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Acts of local love helped Arumugam feel like he belongs

Arumugam

I moved to Canada because my family needed a safe place to live. We couldn’t live freely because we were Tamil, the minority in Sri Lanka. During the civil war, my youngest daughter lost her left foot. She had several surgeries and then it was amputated. She was only ten.

Because of my daughter’s injury, we went to India where we lived as refugees for 10 years. We lived in a refugee camp. It was very difficult because we had no way to earn money. We moved out of the camp and I became a program coordinator for an NGO there, helping other Sri Lankan refugees.

My wife died while we were in India, so when I moved to Vaughn in 2002, I lived with my older daughter, her husband and their three daughters. While my granddaughters were in school and my daughter and her husband were at work, I was in the house alone. I felt stressed and lonely—I didn’t have anyone to talk to. I just watched TV all day.

My daughter was very worried about me. She found out about a United Way-supported seniors’ program where I could speak and exercise with other people my age. I attended on opening day, in 2005. Back then, there were maybe just four or five of us—today there are nearly 200. I’ve been attending ever since—it makes me feel happy to be there.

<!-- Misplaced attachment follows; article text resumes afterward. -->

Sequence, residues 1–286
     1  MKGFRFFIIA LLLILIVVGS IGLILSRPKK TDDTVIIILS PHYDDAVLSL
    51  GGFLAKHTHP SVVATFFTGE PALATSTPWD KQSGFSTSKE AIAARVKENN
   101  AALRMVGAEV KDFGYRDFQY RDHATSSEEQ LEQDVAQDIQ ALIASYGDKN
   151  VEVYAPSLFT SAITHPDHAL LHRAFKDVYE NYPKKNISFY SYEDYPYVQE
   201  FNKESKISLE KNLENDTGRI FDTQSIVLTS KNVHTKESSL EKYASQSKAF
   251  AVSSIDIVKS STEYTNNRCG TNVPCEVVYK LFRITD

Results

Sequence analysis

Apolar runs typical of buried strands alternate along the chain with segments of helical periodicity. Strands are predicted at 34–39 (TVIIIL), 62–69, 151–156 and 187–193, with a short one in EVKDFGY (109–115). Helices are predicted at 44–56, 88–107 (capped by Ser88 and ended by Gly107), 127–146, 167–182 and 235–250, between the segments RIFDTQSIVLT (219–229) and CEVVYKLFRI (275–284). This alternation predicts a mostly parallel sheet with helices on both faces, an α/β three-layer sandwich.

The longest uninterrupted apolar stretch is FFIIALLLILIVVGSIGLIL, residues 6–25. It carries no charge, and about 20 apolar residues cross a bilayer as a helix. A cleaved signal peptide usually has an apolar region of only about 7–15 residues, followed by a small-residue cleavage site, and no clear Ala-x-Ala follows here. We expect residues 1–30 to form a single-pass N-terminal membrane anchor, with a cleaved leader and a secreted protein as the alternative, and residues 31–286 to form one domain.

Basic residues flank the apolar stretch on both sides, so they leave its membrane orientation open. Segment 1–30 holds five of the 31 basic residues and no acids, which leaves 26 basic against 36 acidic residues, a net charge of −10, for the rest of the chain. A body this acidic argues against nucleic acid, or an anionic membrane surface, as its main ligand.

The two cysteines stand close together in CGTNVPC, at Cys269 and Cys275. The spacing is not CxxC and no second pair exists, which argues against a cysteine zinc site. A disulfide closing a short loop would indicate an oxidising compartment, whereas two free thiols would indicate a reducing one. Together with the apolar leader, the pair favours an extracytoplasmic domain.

When I’m alone at home, I get stuck on bad thoughts. But when I go to the program, I can focus on more positive things. I’ve made friends from many different communities and met other seniors who are Tamil. We talk about what’s going on back home and my Tamil friends share news about people we know who still live there. I even met a friend who I knew in Sri Lanka who I had not seen in 30 years! It’s really nice to have friends here.

We also do yoga and meditation, which is very helpful for our mental health. One of my friends and I also grow produce in the program’s community garden—eggplant, tomato, beans and kale leaves. That way, not only are we getting food, but we are also getting exercise.

I’ve also had the opportunity to learn more about computers. Coming to Canada, I didn’t know anything about technology. Through the program, I learned how to start a computer and browse the internet. Now I read the Tamil news, which used to be difficult to find. I also learned to use email and social media, where I can talk to friends. My youngest daughter lives in France now, and I use the internet to talk to her and her children. She sends me photos and videos.

I get so many benefits from attending this program: I learn about Canadian culture. I feel less lonely and stressed. I get regular exercise and get to see people and attend classes. It helps my body and my mind. I am very happy here.

- Arumugam